Some consider males to be more trainable and easier to work with, while females can be more independent.
Some owners argue that males make better pets because they are more trainable and outgoing, but really it does come down to personal preference.
Females can be territorial with a strong maternal instinct.
This independent streak may make some individuals challenging to train, but in the long run it shouldn’t impact their talking ability or potential to bond with their owner.
When choosing between a male and female Eclectus, simply keep your own personality in mind.
That way you can choose the individual bird best suited to you and your family.
How do I teach my Eclectus parrot to talk?
Luckily Eclectus parrots absolutely love to talk.
They are very chatty birds, especially once they become comfortable in their environment.
Once your Eclectus has come out of its shell, you’ll have it talking in no time.
While they likely won’t start to mimic sounds until 4 months old at the earliest, it’s never too early to engage with your bird.
The first step is simply to talk to them clearly and in your normal voice.
The more time you spend with your parrot the better!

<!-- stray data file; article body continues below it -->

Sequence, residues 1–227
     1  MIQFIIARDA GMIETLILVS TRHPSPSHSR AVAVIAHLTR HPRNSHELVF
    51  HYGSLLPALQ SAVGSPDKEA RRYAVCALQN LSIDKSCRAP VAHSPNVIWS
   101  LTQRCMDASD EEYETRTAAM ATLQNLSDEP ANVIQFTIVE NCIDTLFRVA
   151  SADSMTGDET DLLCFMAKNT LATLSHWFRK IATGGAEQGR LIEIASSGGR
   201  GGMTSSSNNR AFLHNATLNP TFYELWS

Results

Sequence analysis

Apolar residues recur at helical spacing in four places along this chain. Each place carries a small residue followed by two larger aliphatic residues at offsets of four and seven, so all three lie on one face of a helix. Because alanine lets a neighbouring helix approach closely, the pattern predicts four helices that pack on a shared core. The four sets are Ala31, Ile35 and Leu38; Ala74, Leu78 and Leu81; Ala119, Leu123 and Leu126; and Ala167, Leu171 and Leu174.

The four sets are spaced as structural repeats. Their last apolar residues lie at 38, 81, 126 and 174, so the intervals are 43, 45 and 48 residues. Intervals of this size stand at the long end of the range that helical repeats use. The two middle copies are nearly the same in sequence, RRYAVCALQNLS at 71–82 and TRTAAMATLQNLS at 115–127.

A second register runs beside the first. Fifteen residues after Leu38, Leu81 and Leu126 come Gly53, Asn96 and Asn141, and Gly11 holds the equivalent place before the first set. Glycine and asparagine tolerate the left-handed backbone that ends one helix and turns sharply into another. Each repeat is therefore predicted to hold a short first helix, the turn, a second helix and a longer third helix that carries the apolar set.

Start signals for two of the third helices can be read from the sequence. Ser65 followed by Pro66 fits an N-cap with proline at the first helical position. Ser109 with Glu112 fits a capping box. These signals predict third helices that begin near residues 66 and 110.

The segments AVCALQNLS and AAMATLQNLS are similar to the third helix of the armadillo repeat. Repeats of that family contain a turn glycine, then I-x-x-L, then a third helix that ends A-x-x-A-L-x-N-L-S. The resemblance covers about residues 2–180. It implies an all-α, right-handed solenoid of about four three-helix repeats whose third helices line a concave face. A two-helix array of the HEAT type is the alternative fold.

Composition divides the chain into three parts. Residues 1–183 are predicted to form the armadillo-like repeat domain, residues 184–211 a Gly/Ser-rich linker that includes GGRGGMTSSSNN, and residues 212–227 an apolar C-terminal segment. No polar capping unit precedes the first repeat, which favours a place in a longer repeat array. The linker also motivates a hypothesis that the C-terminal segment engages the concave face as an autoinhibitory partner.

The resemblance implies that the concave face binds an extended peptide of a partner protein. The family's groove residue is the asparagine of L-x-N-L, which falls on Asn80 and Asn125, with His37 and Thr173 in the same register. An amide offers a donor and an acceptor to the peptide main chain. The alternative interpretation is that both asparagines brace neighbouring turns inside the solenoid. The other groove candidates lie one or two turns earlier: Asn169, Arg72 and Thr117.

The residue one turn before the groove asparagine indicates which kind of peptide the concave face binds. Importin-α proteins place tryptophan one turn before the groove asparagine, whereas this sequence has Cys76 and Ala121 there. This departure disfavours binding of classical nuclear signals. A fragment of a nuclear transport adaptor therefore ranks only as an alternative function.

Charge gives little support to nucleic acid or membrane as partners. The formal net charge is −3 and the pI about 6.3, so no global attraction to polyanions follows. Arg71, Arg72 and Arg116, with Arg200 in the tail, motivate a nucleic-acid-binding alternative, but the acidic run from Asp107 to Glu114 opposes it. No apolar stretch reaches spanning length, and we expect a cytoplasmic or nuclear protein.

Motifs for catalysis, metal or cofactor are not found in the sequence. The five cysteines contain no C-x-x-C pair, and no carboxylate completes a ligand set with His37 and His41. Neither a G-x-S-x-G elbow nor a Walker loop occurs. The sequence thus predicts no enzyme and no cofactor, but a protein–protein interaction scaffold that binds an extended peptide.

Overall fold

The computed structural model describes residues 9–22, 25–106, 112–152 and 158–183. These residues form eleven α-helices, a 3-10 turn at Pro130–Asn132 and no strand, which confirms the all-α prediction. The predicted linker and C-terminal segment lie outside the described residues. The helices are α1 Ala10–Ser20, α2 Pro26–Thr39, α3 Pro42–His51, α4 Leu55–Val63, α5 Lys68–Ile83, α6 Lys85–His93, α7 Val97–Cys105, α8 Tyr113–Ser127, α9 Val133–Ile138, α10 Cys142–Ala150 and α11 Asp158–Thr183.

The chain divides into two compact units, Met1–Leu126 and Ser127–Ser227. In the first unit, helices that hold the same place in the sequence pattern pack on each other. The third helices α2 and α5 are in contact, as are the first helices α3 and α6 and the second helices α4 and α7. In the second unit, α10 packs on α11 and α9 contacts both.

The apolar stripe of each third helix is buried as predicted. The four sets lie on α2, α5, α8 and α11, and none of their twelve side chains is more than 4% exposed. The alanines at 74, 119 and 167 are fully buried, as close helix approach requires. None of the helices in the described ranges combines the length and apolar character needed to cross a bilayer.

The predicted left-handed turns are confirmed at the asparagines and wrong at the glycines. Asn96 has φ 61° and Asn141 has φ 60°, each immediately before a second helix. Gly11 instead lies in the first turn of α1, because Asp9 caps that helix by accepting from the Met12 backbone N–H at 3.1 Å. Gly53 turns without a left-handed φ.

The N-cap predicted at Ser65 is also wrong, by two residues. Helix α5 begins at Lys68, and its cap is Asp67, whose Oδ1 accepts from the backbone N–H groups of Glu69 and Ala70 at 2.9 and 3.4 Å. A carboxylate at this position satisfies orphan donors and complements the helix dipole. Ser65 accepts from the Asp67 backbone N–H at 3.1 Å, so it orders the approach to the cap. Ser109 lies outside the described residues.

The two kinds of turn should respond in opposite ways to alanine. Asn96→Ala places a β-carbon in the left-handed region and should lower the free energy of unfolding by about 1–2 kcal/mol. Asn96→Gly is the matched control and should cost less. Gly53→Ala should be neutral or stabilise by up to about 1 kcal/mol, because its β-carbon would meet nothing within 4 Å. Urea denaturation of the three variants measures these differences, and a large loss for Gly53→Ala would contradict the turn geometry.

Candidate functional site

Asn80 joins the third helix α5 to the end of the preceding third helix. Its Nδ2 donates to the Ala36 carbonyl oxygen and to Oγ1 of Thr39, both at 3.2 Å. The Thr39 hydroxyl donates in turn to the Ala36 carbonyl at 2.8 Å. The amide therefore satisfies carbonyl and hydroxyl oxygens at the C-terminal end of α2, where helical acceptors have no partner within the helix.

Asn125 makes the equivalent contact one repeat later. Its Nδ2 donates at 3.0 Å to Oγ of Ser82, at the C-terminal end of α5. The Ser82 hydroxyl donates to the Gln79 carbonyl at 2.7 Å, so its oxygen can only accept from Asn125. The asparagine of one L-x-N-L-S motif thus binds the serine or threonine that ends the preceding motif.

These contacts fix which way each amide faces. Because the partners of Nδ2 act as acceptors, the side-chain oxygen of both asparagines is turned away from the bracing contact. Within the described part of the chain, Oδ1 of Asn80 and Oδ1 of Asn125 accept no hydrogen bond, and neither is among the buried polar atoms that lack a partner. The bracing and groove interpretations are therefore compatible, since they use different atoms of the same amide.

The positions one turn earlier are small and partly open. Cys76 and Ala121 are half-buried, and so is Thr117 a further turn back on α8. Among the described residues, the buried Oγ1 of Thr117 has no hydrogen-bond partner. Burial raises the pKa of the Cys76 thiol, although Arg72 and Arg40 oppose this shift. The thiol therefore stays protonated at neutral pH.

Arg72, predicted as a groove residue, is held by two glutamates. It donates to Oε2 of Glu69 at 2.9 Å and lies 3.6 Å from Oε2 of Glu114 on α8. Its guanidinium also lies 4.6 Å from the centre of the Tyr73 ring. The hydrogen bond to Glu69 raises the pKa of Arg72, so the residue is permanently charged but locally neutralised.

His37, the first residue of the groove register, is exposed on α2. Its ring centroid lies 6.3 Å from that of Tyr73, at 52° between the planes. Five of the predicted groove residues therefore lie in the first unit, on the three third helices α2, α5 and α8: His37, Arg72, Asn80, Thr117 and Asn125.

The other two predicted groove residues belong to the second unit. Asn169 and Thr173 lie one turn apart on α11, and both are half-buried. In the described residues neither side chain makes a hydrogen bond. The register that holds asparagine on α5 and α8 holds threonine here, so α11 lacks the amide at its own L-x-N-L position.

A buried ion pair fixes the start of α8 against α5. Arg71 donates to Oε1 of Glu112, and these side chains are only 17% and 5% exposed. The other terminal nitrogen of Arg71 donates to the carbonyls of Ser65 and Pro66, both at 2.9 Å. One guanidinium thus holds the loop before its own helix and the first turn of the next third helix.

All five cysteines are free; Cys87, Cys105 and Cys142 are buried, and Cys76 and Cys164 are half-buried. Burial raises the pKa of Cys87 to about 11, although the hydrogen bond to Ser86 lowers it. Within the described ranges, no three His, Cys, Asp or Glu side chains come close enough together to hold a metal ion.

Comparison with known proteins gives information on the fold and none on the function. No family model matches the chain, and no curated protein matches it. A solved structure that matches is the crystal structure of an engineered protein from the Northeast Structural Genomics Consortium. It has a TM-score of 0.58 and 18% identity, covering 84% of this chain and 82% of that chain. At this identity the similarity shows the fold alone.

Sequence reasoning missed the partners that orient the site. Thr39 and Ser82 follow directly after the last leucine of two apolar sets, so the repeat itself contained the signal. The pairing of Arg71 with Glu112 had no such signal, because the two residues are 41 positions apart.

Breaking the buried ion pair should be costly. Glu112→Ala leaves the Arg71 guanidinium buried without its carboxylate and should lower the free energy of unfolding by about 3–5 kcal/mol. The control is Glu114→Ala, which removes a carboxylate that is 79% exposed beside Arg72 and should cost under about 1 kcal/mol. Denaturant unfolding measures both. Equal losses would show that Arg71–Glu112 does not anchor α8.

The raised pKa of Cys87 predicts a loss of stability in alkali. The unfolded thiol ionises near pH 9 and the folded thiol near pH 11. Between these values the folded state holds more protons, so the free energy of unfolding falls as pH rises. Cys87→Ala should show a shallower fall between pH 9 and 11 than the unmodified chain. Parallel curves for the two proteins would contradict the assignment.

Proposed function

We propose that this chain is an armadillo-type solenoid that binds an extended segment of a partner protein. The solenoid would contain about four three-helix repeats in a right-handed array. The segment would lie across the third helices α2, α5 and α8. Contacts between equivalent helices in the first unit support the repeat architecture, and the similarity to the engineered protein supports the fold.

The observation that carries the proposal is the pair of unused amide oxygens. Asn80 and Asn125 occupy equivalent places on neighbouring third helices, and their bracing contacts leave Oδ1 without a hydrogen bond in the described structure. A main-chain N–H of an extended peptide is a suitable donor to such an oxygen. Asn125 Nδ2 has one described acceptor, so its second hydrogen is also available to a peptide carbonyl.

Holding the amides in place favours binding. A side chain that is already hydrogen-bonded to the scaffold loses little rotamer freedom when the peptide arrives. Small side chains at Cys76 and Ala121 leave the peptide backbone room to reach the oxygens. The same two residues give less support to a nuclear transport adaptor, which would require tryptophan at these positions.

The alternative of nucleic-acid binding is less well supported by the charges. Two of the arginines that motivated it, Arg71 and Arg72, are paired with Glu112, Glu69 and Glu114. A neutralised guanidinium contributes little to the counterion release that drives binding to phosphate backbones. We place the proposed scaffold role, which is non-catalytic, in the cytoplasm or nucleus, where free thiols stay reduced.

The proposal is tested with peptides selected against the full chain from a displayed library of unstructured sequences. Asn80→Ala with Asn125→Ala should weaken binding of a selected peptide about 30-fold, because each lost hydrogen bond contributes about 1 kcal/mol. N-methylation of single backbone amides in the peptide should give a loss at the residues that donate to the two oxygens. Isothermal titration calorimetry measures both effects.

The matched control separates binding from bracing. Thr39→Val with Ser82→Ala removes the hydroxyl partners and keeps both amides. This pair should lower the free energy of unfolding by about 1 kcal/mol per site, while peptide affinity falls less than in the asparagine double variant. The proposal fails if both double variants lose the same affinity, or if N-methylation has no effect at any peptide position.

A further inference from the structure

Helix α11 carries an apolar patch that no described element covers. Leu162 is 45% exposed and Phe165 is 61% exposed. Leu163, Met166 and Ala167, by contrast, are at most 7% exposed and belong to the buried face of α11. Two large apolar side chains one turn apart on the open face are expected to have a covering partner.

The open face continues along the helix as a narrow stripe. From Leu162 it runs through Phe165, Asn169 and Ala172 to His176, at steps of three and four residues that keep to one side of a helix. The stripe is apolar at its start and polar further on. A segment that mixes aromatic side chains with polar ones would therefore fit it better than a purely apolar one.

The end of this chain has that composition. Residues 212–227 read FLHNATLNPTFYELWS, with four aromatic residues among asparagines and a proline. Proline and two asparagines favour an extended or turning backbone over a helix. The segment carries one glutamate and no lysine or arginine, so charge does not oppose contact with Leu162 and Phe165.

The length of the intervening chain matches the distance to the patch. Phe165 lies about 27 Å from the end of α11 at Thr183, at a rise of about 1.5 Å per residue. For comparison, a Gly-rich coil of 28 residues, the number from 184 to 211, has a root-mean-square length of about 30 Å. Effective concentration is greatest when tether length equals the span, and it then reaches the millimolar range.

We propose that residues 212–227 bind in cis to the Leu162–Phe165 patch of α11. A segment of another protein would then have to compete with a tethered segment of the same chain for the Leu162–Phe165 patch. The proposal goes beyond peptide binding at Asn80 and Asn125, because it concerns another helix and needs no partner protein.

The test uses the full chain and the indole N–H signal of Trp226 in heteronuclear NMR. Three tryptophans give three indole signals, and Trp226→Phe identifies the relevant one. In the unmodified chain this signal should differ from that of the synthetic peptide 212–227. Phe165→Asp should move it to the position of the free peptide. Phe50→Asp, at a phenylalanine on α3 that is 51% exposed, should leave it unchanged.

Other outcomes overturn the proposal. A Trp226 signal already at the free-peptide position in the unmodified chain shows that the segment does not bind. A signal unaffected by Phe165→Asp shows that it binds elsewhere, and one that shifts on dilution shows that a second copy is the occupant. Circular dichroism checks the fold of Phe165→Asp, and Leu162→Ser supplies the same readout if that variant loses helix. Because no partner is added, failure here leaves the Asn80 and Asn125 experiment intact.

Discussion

Once they start to mimic sounds you can work on formal training!
Introduce words one by one and make it a daily routine.
Ideally you can bring your bird out of its cage and make these training sessions really engaging.
Say your chosen words or short phrases slowly and clearly.
Outside of these formal training sessions, work on saying specific words in the related context.
For example, when you enter a room say “hello!” in a cheerful, happy voice.
Your parrot will not only learn words, but also some sense of meaning and context behind them.
Always provide lots of positive reward when your bird successfully says a word.
This can be verbal praise or small treats.
Be sure to also reward attempts.
Even if the word isn’t totally clear yet, let them know that they are on the right track.
The better your bird gets at talking, the more careful you’ll have to be about what you say around them.
Many owners have accidentally taught their clever Eclectus a phrase they didn’t want repeating!
Do Eclectus parrots talk as well as African Greys?
If you google Eclectus parrots, you’ll quickly come across is the vibrant discussion between Eclectus and African Grey parrots.
In fact, it may be more of a good-natured rivalry.
These owners most often want to know if the Eclectus parrot is as good at talking as the famously intelligent African Grey.
Personally, I love both species of parrot.
While it is impossible to say if one is a better pet than the other, the comparison is worthwhile simply because both parrots are very intelligent and can both learn expansive vocabularies.
Many owners who have owned both report their Eclectus attaining a similar level of vocabulary as their African Grey.
They also report similar level of problem solving and cognitive ability.
Of course, we must remember that the Eclectus and African Grey are very different birds.
Both may be excellent talkers, but any prospective parrot owner should be sure to choose based on lifestyle and personality match.